The body

On top of the frame, encasing the components, is the body. The material which is used for the body also has to be impact resistant as it is the last shield that is protecting the internal components from any accident or incident which may happen.

Depending on the type of drone the body may be made of high impact polystyrene (HIPS) or Acrylonitrile butadiene styrene (ABS). Let’s take a look at some of the drones that utilise each of these materials.

High impact polystyrene (HIPS)

High impact polystyrene is used in drones such as the DJI Phantom and is typically used on the shell.

Because of the way that styrene does not mix with some other polymers it forms a matrix instead of a complete mix of the materials. This peculiar activity means that when the material is put under stress microcracks form and the energy of the propagating crack is transferred to rubber particles.

The transfer of energy into the rubber which is mixed into the polystyrene means that it is resistant to impact.

Acrylonitrile butadiene styrene (ABS) – Mavic series drones

ABS is made up by reacting styrene, acrylonitrile, and poly butadiene. These can be mixed together in various ratios giving a different physical property for each mix. The addition of acrylonitrile makes the ABS are stronger than pure polystyrene whilst the acrylonitrile can also contribute to chemical resistance, fatigue resistance, hardness, and rigidity was also providing some protection against the higher temperatures that drones can operate under. The styrene gives the plastic a shiny and impervious surface as well as improving the hardness, rigidity, and improved processing ability.

A lot of drone body materials are created via an injection moulding technique which means that it can be made very quickly in a continuous manufacturing process.

This material can also be used for the drone propellers as it is light and resistant to stress and strain – something that the propellers go under a lot of.

Electronic components

The electronic components in a drone are machined to precision. Typically, drones have a printed circuit board that mechanically supports and electrically connects electronic components using conductive tracks, pads, and other features.

At any one time, one of the many electrical components on a drone can fail. You see, drones are running components like:

  • inertial measurement units
  • motors
  • GPS units
  • electronic compasses
  • barometers
  • lights
  • cameras
  • accelerometers
  • gimbals

and lots and lots of computational power for running artificial intelligence algorithms to keep it in the air. The more often you use the small electronic components and motors the more likely they are to simply break due to wear and tear.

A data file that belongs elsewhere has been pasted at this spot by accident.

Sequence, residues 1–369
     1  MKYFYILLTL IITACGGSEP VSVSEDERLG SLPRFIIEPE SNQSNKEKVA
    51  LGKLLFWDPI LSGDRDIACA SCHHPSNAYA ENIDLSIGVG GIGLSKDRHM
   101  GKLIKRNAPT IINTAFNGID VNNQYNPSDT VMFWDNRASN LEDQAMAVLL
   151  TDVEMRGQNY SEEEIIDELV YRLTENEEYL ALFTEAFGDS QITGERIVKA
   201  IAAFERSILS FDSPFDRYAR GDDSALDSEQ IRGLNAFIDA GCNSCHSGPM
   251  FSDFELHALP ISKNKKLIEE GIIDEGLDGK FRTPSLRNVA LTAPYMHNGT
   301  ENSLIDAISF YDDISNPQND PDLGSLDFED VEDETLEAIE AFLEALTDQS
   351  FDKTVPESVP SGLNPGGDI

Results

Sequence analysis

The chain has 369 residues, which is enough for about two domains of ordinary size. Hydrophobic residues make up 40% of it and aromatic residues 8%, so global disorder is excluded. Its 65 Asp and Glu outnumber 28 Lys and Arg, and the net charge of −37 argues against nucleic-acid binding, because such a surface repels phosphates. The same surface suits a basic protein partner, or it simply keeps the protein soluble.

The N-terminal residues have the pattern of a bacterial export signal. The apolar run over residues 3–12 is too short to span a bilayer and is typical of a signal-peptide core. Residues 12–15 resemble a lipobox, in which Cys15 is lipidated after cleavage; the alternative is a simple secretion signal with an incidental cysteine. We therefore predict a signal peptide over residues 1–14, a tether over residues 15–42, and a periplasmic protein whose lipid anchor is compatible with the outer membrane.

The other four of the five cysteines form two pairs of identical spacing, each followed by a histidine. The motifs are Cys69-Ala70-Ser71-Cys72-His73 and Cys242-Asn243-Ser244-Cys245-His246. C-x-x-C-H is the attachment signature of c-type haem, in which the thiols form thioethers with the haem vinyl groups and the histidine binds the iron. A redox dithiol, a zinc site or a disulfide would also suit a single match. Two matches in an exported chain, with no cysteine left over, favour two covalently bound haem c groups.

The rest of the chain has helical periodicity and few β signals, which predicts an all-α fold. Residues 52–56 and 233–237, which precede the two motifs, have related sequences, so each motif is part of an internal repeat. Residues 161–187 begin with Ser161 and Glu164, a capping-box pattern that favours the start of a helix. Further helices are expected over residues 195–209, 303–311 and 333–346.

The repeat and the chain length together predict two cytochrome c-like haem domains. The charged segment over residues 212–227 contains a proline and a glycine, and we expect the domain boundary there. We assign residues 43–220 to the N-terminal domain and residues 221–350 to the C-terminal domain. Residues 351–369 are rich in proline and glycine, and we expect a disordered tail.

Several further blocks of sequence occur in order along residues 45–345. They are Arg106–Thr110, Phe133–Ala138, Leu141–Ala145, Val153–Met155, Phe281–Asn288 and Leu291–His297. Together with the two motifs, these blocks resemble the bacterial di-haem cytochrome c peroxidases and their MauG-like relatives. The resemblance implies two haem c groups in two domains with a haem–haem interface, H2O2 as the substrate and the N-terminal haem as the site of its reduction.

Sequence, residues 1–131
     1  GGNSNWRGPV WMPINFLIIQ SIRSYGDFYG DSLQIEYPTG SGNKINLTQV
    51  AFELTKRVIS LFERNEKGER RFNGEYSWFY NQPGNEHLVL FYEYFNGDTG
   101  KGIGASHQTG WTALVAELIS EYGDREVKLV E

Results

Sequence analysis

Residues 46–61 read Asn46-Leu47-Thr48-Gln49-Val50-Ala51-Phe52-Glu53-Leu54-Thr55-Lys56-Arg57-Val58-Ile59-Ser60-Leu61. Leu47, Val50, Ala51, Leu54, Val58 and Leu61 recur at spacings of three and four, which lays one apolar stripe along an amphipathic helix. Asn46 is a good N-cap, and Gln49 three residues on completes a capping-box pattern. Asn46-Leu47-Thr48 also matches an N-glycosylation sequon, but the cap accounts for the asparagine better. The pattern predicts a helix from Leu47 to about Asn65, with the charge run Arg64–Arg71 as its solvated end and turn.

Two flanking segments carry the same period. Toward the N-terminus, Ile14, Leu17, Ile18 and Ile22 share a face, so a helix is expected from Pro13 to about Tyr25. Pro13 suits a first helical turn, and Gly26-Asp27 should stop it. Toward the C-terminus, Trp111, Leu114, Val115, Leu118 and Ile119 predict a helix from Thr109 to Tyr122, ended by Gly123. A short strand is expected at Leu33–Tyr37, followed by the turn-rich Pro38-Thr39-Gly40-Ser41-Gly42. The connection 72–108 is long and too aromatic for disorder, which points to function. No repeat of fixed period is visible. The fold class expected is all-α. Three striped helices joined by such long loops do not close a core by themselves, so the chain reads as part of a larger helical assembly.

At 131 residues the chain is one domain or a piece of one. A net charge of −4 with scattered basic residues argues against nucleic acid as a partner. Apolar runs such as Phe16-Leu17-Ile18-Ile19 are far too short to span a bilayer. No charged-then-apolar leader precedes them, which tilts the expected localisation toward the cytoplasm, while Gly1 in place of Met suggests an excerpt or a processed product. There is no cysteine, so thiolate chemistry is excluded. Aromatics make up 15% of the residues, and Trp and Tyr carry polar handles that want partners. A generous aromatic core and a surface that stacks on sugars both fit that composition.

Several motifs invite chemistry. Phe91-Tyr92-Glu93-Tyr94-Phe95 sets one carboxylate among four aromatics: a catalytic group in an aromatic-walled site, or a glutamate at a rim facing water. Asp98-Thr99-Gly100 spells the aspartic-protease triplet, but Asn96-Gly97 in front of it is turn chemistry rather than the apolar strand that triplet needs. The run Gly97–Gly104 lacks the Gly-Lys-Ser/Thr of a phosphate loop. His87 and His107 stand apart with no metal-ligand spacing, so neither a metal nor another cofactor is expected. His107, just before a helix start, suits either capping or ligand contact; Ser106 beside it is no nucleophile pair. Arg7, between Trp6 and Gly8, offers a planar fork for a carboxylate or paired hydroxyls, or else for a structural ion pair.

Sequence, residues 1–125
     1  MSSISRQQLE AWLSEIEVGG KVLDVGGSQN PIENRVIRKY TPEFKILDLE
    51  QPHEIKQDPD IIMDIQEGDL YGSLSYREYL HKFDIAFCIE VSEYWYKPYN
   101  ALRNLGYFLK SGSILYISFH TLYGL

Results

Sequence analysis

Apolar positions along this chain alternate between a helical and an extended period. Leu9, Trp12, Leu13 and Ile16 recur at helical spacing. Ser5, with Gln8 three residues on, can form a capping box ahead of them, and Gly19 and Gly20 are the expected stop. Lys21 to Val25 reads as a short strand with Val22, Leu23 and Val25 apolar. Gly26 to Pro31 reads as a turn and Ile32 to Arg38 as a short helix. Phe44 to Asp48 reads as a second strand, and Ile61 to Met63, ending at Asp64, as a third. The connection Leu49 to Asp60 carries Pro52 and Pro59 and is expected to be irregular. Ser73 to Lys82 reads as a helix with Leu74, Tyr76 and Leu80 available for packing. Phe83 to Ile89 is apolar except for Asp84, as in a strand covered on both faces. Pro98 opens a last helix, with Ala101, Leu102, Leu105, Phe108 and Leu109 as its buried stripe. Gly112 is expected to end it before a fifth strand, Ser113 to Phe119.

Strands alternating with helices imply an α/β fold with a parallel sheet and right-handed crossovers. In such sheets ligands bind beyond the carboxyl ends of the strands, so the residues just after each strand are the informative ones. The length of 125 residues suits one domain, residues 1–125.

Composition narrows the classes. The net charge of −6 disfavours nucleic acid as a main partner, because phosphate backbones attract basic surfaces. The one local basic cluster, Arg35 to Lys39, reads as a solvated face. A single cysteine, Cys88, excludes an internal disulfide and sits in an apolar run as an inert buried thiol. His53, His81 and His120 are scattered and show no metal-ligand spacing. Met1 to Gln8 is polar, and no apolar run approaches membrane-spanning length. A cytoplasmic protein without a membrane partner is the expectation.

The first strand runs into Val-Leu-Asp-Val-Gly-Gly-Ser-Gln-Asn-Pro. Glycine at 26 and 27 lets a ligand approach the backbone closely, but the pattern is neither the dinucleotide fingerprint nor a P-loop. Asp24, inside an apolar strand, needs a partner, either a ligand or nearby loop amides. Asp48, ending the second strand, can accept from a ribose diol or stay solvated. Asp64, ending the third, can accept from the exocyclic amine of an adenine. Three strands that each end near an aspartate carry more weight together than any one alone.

Each of the electronic components are different and component manufacturers often specify this for the components within the specification document. The end of its useful life will either happen from burnout or it will just simply not perform as expected.

Some drone users get lucky and they can fly there drone for many years without any issues whilst others struggle after a few months to get there drone to perform in the same way as when it was new.

Battery

The battery is one of the weakest components of a drone. This is because the internal components have to pass many electrons between components very quickly to keep the drone in the air.

Drone batteries are typically lithium polymer batteries which means that they need to have a much more rigourous maintenance and storage routine than other rechargeables.

The lithium polymer batteries are super light and powerful which is just what a drone needs to stay in the hair.

Every lithium polymer battery is made up of individual cells – between one and eight of them. These cells are typically rated at 3.7 V and up fully charge when the voltage is 4.2. If anyone of these cells fails you will need to replace the battery or if you let the battery voltage drop below 3.7 you will permanently harm the battery.

Because the batteries are the weakest component of a drone manufacturers provide the option to swap them out quickly during a flight mission.

I carry with me at least two batteries each time I go flying.

However, now that my Mavic air is getting older I cannot find replacement batteries and it will be the limited number of batteries on the market that will ultimately determine when I have to change and upgrade my drone. Unless I crash it before then!

Crashes

The lifetime of the drone is also dependent on how many crashes the drone in jewels throughout its lifetime. Not only is it the number of collisions but also the severity of them.

Each time you fly your drone you run the risk of crashing it. If you are a particularly risky flyer the likelihood of you damaging your drone and significantly shortening its lifespan increases.